Moldova steps up a gear in $1bn bank fraud investigation

By bne IntelliNews May 26, 2015

bne IntelliNews -


Prosecutors in Moldova will start investigations into top public officials in parliament, the ministry of finance and the central bank as part of a new criminal case opened in relation to a $1bn fraud involving the country's banking system, announced Moldovan prosecutor general, Corneliu Gurin, on May 25. Gurin, quoted by the online news service, said the investigations will cover a period of time beyond just the most recent developments.

Last year, in what some in Moldova are dubbing the crime of the century, around $1bn was taken out of the country’s banking system, given out in loans to companies linked to one of Moldova’s richest businessman, Ilan Shor, and then transferred into offshore accounts, according to an investigative report commissioned by the central bank and carried out by US audit firm Kroll. Shor has maintained his innocence and after being placed under house arrest earlier this month, announced that he was running for mayor of Orhei, a city 40km north of the capital. He has since been granted restricted movement for the election campaign, though he is forbidden from leaving the country.

The new investigations will focus on the role played by the state control bodies and by the state’s representatives in the banks’ management, and target those individuals who had not carried out their duties or failed to carry them out to a suitable degree, which led to massive losses for the state, Gurin explained. The prosecutors will also try to establish whether the state’s representatives had actively aided in the defrauding of the banks.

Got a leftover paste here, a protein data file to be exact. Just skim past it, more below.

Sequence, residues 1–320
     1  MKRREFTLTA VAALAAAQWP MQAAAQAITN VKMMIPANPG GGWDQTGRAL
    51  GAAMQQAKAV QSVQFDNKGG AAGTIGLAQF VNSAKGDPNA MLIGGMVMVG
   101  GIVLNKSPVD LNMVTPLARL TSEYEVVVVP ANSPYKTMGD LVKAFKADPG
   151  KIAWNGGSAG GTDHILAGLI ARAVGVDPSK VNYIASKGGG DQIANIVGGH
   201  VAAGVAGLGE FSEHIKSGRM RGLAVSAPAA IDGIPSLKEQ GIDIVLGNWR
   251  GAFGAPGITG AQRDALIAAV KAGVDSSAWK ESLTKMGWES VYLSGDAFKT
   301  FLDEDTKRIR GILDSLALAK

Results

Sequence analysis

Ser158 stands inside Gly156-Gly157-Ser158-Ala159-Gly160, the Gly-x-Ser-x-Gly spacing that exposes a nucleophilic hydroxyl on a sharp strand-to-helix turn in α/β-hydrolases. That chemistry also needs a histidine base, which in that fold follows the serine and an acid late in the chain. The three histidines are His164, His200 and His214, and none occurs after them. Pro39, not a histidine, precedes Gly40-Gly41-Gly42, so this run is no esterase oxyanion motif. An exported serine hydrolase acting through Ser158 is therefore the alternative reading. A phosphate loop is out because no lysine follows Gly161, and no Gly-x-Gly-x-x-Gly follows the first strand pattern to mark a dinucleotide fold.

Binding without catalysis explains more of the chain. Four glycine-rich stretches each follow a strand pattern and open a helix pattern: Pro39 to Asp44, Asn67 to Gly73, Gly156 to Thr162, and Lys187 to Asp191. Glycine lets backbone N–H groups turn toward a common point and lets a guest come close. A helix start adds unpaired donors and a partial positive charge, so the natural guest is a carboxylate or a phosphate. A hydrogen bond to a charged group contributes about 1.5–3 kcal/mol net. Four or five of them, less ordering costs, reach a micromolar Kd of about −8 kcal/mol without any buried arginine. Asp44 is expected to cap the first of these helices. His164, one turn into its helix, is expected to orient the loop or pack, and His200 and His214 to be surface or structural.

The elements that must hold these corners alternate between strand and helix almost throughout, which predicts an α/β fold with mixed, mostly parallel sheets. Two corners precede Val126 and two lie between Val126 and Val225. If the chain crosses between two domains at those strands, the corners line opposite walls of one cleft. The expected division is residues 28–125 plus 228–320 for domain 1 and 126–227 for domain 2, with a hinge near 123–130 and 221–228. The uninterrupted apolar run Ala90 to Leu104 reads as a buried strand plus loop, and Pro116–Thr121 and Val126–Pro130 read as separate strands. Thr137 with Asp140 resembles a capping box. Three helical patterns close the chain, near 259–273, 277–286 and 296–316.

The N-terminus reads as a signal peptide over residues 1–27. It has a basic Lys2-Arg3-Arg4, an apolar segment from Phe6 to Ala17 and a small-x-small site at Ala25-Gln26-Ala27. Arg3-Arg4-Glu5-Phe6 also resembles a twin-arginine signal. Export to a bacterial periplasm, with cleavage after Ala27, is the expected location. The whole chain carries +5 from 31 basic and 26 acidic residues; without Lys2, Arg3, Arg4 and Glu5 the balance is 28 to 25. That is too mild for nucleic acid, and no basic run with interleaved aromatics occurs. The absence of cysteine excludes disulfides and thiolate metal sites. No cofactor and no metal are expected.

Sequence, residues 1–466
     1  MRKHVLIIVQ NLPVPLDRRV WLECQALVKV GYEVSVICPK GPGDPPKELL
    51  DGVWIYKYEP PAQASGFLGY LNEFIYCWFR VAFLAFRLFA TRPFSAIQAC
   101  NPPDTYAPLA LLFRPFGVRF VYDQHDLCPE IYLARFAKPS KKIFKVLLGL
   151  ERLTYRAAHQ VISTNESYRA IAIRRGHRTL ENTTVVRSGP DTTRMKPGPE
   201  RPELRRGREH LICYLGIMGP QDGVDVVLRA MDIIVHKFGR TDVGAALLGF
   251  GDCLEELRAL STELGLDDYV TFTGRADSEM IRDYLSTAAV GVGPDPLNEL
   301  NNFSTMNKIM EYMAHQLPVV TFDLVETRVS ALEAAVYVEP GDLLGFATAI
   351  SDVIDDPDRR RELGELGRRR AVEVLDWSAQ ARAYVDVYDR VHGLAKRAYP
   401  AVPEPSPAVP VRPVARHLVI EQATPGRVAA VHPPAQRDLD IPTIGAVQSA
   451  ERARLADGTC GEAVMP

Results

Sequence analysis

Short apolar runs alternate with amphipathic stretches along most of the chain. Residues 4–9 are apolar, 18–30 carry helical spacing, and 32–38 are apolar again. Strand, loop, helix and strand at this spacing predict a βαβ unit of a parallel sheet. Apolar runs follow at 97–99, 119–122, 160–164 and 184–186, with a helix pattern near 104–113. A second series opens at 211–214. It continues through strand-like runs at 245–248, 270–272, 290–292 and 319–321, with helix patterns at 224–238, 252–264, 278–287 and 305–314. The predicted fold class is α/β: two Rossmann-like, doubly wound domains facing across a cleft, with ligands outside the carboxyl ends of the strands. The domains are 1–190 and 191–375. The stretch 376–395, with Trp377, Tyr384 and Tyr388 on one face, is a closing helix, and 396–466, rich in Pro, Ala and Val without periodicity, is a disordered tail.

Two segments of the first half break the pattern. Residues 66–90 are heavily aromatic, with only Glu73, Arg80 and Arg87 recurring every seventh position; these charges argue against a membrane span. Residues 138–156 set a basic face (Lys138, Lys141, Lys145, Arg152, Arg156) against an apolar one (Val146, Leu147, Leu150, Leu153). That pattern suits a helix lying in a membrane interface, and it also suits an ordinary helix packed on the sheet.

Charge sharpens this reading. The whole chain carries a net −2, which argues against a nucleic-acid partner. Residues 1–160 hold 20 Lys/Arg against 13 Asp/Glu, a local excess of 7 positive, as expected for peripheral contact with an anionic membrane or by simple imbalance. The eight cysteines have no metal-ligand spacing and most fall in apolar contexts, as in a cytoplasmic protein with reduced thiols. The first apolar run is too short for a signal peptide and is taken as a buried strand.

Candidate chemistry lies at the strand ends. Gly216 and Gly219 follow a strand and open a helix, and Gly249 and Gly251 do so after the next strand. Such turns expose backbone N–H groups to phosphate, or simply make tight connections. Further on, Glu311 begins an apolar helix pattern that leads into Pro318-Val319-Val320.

Around $1bn, equivalent to over 10% of Moldova’s GDP, was siphoned off from three banks – Banca Sociala, Banca de Economii (BEM) and Unibank – between 2012 and late 2014. The Moldovan central bank placed the three institutions, which together account for around 30% of the banking sector’s total assets, under special supervision in late 2014.

The Kroll report, published earlier in May, concluded that Shor was likely the main beneficiary of the fraud, but the report failed to address many Moldovans' concerns that those in positions of power were also involved. These new investigations may address some of those concerns. According to a bne IntelliNews investigation, Scottish shell companies used in the $1bn scam have links to a series of previous massive Moldovan bank frauds, suggesting that well-placed Moldovan insiders, who have been robbing the country for a decade, may in fact have directed the latest and largest scam.

Meanwhile it has been announced that non-performing loans (NPL) at the three troubled banks at the end of April had increased by 30% from the month before to MDL2.44bn (€122mn), according to calculations based on data released by the country’s central bank on May 22.

The average NPL ratio for the three banks hit 58.9% at the end of April, up from 43.6% a month earlier and 19.4% a year earlier. The NPL ratio for the rest of the banking system was 9.1% at the end of April, down from 10.6% a year earlier. Despite the high NPL ratios, the main risk for the banks is generated by their huge exposure to a single debtor with uncertain identity – Fortuna United LP, as identified by the Kroll report. The loans given out by the banks to companies belonging to the Shor Group were later sold on to Fortuna.

Shor claims that at the time the investors he represented took over the three banks in 2013 they were already plagued by a high volume of bad loans.

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